Getting Jack3D: The cost beyond the price-tag


Duchesneau is a sophomore at Northeastern and an avid weight lifter

When it comes to athletic performance and bodybuilding, it seems that people will go to great lengths to gain a competitive advantage at all costs. Earlier in his life, 20-year-old Tim Duchesneau saw his health fall to the wayside in the relentless pursuit of this edge.

“I had a minor heart attack when I was 18,” said Duchesneau, a sophomore finance major at Northeastern University and an avid weight-lifter. “It was scary. The kind of products I was taking at the time, I instantly stopped in fear of my health.”

The product Duchesneau is referring to is called Jack3D (pronounced “jacked”), an over-the-counter dietary supplement by USP Labs. Jack3D is one of many popular “pre-workout” supplements that have been on the market since the late 1990s, though its original formula was recently banned by the U.S. Food and Drug Administration due to safety concerns.

Jack3D is not alone in the pre-workout market. Legal stimulants such as C4, Assault and N.O. Explode are marketed to give similar benefits. Workout supplements have been popular among consumers for some time. As early as 2007, Americans spent an estimated $14.8 billion on non-vitamin, non-mineral “natural” products, according to National Health Statistics Reports.

“You get this crazy energy the first time you take Jack3D,” Duchesneau said. “Your body releases a ton of dopamine when you are pumped up like that and lifting weight. You feel strong, you know, you feel superhuman.”

That “superhuman” feeling that users experience from Jack3D comes from the excessive amount of caffeine (150 milligrams per two-scoop dose) as well as an ingredient called methylhexanamine, commonly known as DMAA.

“DMAA causes pressure activity in the cardiovascular tissue,” said Dr. Daniel Fabricant in a telephone interview. Fabricant, director of the Dietary Supplement Division at the FDA, understands the specific bodily hazards of the chemical.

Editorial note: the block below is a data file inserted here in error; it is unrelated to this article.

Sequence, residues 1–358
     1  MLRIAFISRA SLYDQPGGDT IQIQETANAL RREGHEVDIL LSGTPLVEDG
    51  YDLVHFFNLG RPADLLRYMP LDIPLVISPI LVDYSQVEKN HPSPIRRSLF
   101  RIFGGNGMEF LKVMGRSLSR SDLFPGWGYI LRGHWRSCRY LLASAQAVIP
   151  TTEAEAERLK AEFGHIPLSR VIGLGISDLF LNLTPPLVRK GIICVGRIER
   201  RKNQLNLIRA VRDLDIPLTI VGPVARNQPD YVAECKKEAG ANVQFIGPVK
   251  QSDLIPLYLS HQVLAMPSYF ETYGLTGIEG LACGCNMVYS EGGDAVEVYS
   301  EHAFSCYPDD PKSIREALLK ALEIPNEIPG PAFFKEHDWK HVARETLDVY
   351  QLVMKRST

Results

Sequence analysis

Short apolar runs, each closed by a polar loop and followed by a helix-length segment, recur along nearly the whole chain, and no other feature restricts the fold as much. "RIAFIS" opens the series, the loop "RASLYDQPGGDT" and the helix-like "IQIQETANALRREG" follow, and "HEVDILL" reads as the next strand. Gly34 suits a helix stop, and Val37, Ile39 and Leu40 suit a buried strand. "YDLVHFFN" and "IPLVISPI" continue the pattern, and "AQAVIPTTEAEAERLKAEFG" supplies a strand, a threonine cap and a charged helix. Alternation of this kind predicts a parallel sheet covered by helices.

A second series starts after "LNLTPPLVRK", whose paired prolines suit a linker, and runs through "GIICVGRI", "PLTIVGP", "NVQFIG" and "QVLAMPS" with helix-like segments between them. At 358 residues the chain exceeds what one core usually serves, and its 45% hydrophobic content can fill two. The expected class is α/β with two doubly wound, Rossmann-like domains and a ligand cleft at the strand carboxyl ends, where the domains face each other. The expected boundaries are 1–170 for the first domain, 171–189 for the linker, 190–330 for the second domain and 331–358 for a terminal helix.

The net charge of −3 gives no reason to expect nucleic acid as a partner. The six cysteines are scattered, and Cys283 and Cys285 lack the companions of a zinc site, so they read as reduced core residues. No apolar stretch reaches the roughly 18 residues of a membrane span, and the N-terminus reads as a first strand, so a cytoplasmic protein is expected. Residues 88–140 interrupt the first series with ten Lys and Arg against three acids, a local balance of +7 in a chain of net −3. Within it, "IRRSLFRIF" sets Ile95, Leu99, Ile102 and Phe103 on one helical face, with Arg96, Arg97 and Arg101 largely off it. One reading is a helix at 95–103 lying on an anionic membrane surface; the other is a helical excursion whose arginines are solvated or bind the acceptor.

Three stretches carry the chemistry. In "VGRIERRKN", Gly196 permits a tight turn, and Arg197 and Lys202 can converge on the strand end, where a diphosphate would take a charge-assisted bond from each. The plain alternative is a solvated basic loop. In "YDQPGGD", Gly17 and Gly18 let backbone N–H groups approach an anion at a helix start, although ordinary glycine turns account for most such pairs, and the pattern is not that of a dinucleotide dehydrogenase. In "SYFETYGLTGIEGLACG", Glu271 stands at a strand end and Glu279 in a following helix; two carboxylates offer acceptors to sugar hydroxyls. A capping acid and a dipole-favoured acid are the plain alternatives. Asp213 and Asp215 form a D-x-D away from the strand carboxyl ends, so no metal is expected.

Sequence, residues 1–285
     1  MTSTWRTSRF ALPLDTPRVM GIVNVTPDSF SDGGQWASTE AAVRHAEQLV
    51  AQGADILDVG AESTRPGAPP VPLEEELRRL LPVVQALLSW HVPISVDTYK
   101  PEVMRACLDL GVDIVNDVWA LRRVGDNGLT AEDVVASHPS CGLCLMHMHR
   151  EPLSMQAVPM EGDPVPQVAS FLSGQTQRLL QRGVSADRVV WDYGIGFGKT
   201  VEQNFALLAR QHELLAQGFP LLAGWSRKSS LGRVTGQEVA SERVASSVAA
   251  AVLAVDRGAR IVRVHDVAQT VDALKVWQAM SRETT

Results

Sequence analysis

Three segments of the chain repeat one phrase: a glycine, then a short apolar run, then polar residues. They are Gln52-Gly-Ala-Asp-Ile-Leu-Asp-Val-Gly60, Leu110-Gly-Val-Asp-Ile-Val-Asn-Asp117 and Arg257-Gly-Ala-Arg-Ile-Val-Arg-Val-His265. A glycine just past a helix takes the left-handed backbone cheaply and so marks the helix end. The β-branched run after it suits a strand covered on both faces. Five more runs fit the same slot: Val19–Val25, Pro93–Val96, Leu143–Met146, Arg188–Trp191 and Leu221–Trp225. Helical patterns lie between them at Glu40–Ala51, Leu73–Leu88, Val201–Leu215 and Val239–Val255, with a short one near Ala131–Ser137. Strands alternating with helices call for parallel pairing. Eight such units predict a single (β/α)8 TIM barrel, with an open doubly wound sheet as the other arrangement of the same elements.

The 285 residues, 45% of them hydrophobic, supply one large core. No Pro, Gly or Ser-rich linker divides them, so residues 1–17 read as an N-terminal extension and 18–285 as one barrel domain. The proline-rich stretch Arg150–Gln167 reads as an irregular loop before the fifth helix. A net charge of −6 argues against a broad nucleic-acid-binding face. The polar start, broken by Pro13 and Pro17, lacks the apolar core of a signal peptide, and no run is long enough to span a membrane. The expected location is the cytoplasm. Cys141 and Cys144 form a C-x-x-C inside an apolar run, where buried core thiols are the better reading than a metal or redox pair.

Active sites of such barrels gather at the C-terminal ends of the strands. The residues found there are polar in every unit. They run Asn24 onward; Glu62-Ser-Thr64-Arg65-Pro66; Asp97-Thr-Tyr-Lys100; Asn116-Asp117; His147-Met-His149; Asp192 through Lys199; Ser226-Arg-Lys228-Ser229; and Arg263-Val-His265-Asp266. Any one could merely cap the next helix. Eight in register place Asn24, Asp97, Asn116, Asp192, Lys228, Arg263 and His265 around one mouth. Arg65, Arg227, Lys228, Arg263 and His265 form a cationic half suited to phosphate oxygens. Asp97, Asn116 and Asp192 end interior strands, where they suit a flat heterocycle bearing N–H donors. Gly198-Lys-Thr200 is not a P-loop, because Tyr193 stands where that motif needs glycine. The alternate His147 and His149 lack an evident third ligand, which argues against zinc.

“It can constrict the blood vessels and lead to an overworking of the heart,” he said. “There are adverse reports of strokes, seizures and heart issues.”

According to Fabricant, the agency has received 42 adverse reports on DMAA, including issues of cardiac, nervous system and psychiatric disorders, and even death. An adverse report indicates a strong likelihood of connection between the product and these effects.

As is true with artificial stimulants, there is a steep crash that follows the high. Nathan Archer played defensive back on Northeastern’s club soccer team this year, and has experienced intense withdrawal symptoms after continued use of pre-workout supplements.

“I’d been on and off for about four years, basically,” said Archer, a sophomore communications major at Northeastern. “If you’ve been training on it and you stop, your ATP production, your body, your muscles basically stop. It’s like someone injected you with poison.”

In April of this year, the FDA forced a discontinuation of all pre-workout formulas that contained DMAA. The agency was influenced by five deaths reportedly caused by Jack3D, including U.S. soldier Michael Sparling and British marathoner Claire Squires. Members of USP Labs fired back, saying their product was a dietary supplement, and that the chemical compound was an natural extract from rose geranium. After reviewing the scientific reports presented by the company, the FDA determined no such evidence existed to suggest a connection.

“DMAA is not a dietary supplement and cannot be labeled as such,” said Fabricant. “The truth is that it doesn’t exist in rose geranium. Peer-reviewed studies have shown that it isn’t in there at all.”